• Jolly Roger

        i hate that crap. most of the time these girls are still in their teens and early 20’s and still very self-conscious with not much self-confidence as it is, and some jerk-off treats her like she has the bubonic plague. Always wanted to beat down those a*holes who don’t have a clue about tact and compassion towards females.

        • bigmamat

          It’s a little like public bullying you know, because it’s designed to humiliate. I always hated the first two weeks of American Idol. Refused to watch it. Because it was nothing more than making fun of the crazy and the retarded. Most of these people have families. I don’t get it. Nobody in the family will take them aside and say, “man don’t do it”.

  • Juliana

    Might I translate this article in portuguese? It is really interesting.

    • http://seoulbeats.com/ Linds_SB

      For the purposes of allowing more people to read it? That should be just fine, as long as you credit Seoulbeats and the author when you post it :)

  • Guest

    honestly i don’t like to think about how scripted shinee is in everything. like you can’t even trust what they (and other idols) say about simple things. makes me sort of depressed when i think that they are just like a manga character, but at least the manga character is being straightforward in its fakeness. :/

  • Guest

    lol omg i hate taemin on wgm. not because i’m jealous (naeun is beautiful and my fav member of apink) but because it makes me like him less because of how obvious some of his lies are. i don’t mind scripting. but i don’t understand why he would say in one episode that he’s never dated, and then in another one that he’s had multiple gfs. honestly if he’s going to lie he might as well be consistent.

  • Guest

    “..he has developed an almost compulsive lying habit.”

    Wow lol now I feel sorry for whoever marries a kpop idol. I don’t think I could be in a relationship with someone who lies all the time.

  • mindlessnoise

    I was thinking about this issue recently so this article is really timely for me. I think the fact that so many idols become trainees and debut at a young age is the problem. They live their lives in a fishbowl way from a really young age, 15? in Taemin’s case. They can’t really be themselves. They have to always think about their image all the time and get everything approved by the company first. It’s a bit like the movie Truman with Jim Carrey. We never know if they are showing their true personalities at any one time or whether they are portraying an image the company wants them to display, even on reality shows where they are supposed to be natural and themselves. I don’t think it’s a healthy way to live.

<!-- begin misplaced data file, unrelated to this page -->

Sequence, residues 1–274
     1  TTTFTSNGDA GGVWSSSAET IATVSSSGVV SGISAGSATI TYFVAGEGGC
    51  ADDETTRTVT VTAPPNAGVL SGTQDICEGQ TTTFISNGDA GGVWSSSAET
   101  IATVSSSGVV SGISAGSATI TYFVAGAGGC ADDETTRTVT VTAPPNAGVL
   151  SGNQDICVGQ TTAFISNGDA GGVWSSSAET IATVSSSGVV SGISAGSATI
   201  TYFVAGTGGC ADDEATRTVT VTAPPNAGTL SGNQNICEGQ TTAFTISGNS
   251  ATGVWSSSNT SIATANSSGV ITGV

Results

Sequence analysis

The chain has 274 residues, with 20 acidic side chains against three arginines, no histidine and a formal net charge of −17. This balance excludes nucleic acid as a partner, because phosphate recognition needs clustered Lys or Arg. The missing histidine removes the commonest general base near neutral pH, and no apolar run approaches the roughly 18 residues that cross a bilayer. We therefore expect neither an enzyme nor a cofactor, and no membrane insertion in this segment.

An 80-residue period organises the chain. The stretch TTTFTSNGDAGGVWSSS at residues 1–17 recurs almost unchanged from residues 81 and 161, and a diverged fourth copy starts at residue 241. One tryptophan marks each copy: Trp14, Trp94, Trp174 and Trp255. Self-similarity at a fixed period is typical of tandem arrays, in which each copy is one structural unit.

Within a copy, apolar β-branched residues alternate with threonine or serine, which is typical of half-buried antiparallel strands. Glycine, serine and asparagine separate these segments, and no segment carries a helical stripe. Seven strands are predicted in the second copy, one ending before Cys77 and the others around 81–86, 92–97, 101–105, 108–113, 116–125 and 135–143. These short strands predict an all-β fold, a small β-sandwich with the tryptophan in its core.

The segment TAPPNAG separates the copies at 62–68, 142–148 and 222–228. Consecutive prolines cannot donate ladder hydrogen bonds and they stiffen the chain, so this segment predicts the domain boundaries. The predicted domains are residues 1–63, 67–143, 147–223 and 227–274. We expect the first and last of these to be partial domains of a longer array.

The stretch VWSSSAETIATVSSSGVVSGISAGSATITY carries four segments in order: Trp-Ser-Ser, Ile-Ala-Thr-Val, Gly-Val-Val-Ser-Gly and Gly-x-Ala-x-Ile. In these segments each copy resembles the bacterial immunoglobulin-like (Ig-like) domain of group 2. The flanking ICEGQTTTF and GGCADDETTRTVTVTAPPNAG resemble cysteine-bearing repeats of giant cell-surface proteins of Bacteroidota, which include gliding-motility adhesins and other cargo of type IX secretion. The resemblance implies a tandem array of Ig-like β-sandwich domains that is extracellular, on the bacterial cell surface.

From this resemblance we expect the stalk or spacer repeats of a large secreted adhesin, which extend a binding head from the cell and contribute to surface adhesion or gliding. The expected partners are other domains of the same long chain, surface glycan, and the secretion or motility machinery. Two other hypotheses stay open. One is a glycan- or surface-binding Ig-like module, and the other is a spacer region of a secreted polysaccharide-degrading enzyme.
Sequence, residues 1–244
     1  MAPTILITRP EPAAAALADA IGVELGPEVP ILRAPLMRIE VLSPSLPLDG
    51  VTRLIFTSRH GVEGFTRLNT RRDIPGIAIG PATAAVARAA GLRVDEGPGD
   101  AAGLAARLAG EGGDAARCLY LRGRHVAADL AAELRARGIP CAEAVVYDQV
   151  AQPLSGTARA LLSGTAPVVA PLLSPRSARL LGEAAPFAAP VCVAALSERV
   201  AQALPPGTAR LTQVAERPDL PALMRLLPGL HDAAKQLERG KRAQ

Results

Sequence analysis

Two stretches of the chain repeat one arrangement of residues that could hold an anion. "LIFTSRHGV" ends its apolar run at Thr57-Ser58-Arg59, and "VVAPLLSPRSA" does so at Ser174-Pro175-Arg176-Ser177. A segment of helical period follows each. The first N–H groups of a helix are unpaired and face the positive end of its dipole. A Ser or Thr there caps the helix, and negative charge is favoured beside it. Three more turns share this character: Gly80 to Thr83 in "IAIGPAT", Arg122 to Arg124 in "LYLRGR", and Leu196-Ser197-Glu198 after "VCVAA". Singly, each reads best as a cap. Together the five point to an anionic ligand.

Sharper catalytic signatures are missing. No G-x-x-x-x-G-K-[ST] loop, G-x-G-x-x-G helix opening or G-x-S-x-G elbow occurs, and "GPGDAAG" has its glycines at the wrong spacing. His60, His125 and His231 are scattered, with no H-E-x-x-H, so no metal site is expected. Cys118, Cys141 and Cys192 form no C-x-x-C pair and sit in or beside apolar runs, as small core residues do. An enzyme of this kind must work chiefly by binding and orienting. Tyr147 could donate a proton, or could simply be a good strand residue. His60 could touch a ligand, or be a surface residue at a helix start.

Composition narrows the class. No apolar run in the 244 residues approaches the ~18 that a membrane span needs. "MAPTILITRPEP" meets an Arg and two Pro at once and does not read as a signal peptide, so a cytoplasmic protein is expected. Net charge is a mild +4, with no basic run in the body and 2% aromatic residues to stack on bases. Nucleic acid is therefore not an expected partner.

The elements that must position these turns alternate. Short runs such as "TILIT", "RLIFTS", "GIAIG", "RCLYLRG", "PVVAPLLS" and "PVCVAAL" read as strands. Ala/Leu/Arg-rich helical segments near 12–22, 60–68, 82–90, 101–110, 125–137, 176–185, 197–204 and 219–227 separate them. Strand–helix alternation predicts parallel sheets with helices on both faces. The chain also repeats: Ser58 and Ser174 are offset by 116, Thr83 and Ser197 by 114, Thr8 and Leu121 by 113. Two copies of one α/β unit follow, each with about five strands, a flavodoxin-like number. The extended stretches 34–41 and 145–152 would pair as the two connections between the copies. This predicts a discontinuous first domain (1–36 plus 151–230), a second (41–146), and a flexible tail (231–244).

• Lava

    I actually realise more and more how common lying is in korean entertainment when I hear idols or actors being known for being really honest, it’s so strange to me how honesty can sometimes be so fascinating to the cast on these variety shows!
    Also in Taemin’s case, I’m sorry but it’s totally his and his parents fault that he lies so much, come on no matter how young he debuted there are plenty of other idols in his position who also debuted young and live in the entertainment world, he just didn’t learn that lying was wrong properly- in WGM he even giggles when he gets caught out it’s just weird to see a 20 year old boy lying like a child would.

  • Rosekirachan .

    I love this article! It analyzes the entire k-pop industry’s habit of lying thoroughly and interestingly. I guess the fans are so used to their lying that becomes unsurprising after a while; we know they lie, but we appreciate their music and image. If idols acted as normal people, there wouldn’t be anything special anymore. I’m sure every idol member in the industry told at least one lie in their career lifetime.

  • anonymous

    This was a well written article and I agree with almost everything in it, but there was a section that bothered me.

    “The “lies” they tell on broadcasts are fairly obvious to the trained eye, but the lies they tell in their personal lives are probably just as prevalent.”

    The “lies” they tell on broadcasts could be (or are probably) from a script, and these lies come off as lies when idols slip up or break consistency (thus revealing that they were actually lying), or when they just decide to tell the truth (rarely, I think – I can’t really recall a specific example at the moment). However, I find it a bit presumptuous to extend that to their personal lives and selves. We don’t know how well these idols have separated their public and private selves, and we don’t know how they interact within their personal relationships. Perhaps they are truly compulsive liars, or good liars (although good liars would be able to lie consistently, not slipping up revealing the lie), or they could just be poor at their responsibility to maintain their given persona. Perhaps some idols are inconsistent with the image, and they start to look like liars, but in that sense, wouldn’t an idol that has kept his crafted persona well intact be the better liar? While the dishonesty in the industry is very much obvious and all people in it do lie one way or another, it might be assuming to jump to a connection in their personal lives. After all, even the moments we see them “lying” are through recorded moments.